Though the mountain isn't getting as much publicity these days, scientists with the U.S. Geological Survey are marking the anniversary to highlight new eruption warning technology they've installed around the volcano since then and to remind people that Mount St. Helens will continue to rebuilt itself.

The eruption that started a decade ago was the second of two dome-building phases.

The first one started after the explosive eruption of May 18, 1980. Twenty lava eruptions occurred over the next six years.

Geologists were surprised that the mountain stopped erupting in 1986. "Many of us were expecting it to continue a while," said USGS seismologist Seth Moran.
Windsock

Two powerful storms to lash Central U.S.

With the autumn season now here, the strength and number of powerful storm systems will be on the increase.

This week will feature two powerful autumn storm systems, one through the middle of the week and another towards the end of the week.

As the jet stream strengthens and dips farther south, the clashes between warm and cold air become more frequent. As a result, the potency of low pressure systems increase.

Tens of millions will be impacted by these storm systems this week, with the risks ranging a wide spectrum.

First Storm System Targets Central U.S.

The first storm will take shape across the High Plains and into the central portion of the United States as the energy that brought flooding downpours and severe weather to the Southwest shifts to the northeast.

Folks from eastern Montana to Wisconsin and south to Oklahoma will be impacted by this storm as it passes through the Plains.
Cloud Precipitation

Heavy rain, flooding to target Deep South to Carolinas

Umbrellas and rain jackets will be put to good use over the next couple of days in the Deep South to the Carolinas.

An upper-level disturbance, aided by abundant gulf moisture, will slowly pass over the region through Tuesday.

According to AccuWeather.com Meteorologist Bob Smerbeck, the weather set-up will feature a rather wet couple of days.

"Deep tropical moisture will fuel a developing low pressure system over the Deep South, resulting in heavy rain across the region," said Smerbeck.

Rain and thunderstorms will spread along the Gulf Coast from Louisiana to Florida and eventually to the Carolinas Monday into Tuesday.

Some of the rain could turn rather heavy at times, with rainfall rates approaching an inch per hour in some spots.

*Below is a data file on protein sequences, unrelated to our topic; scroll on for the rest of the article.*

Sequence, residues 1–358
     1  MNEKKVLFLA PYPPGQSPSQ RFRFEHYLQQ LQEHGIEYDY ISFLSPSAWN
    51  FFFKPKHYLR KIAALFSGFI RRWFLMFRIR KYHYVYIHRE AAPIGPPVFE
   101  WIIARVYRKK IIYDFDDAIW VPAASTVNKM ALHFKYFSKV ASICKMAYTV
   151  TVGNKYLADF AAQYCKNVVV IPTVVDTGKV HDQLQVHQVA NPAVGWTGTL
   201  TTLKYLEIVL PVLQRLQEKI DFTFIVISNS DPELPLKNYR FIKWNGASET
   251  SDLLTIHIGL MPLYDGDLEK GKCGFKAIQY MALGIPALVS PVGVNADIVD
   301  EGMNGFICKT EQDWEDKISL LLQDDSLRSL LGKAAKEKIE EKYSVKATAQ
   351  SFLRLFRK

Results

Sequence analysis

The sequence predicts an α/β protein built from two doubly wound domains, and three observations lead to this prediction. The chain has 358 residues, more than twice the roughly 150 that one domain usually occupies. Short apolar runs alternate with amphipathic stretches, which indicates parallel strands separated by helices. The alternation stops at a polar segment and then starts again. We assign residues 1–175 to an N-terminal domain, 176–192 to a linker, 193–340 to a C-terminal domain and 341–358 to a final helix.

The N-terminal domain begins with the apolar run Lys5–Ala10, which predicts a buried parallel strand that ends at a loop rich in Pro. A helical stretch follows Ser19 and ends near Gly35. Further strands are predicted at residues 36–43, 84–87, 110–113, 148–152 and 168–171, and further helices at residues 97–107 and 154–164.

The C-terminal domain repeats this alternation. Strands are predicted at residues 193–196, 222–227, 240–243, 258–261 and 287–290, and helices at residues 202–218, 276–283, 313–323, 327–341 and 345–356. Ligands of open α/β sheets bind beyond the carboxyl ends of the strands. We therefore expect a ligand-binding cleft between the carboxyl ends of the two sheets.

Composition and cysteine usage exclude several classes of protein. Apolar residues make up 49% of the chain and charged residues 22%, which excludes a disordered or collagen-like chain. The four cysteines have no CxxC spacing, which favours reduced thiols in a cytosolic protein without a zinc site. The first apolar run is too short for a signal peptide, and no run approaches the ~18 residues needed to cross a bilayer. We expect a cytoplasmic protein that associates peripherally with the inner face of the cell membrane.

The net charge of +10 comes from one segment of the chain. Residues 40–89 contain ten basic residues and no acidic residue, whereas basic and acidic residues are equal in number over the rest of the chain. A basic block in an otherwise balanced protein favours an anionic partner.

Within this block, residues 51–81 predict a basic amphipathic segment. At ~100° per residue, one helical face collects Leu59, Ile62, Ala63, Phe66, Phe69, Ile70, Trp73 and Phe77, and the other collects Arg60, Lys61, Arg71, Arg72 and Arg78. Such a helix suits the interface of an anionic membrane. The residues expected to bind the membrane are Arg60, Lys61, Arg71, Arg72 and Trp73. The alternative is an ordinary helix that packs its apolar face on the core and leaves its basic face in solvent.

"The rain will be heavy enough to cause flash flooding in some locations," added Smerbeck.
Health

Man injured in wild boar attack in India with other attacks reported

One Gouranga Das (70) of Suniti village under Mahakalpada block in Kendrapada district was injured after being attacked by a wild boar on Saturday.

According to sources, a wild boar that had recently trespassed into the human habitation suddenly approached Gouranga and bit his right hand while he was standing at his house. He was rushed to the Mahakalpada CHC for treatment. The Forest Department provided financial assistance.

Notably, as many as four persons have sustained injuries due to wild boar and saltwater crocodile attacks under Mahakalpada forest range during last two weeks. But, forest officials did little to create awareness among the locals regarding the attacks, alleged locals.

Attention

Freak Tsunami like 'storm surge' waves hit the Black Sea coast of Turkey

© DHA
Giant waves hit Giresun in Turkey, damaging buildings and cars
Strong unexpected storm surge hit the shores of Turkey, along the Black Sea.

More like a tsunami, the elevated ocean can be see going off to the horizon. Waves taking out everything in their path.

Bizarro Earth

Strange odor reported in Evansville, Indiana

Jimtown
© Nexstar Broadcasting, Inc.
A noxious smell blanketed several blocks for more than four hours.
Neighbors say Strange Odor "smelled like 1,000 sharpies blew up"

Neighbors in Jimtown say yesterday evening a noxious smell blanketed several blocks for more than four hours prompting the fire department to investigate.

Neighbors say they first noticed the odor around 7:30 last p.m. and it lingered for several hours. They say after being outdoors for a short period of time they became dizzy, disoriented, and had difficulty breathing.

"It was awful. It was ungodly," said William Givens.

From Columbia to near Garvin Park, "I couldn't stand it. It was just nasty," said Charles Utley.

The neighborhood is questioning what was in the air last night.

"It smelled like 1,000 sharpies just blew up out of nowhere. It was disgusting," said Utley.

"You could taste it, you could smell it, you could feel it," said Givens.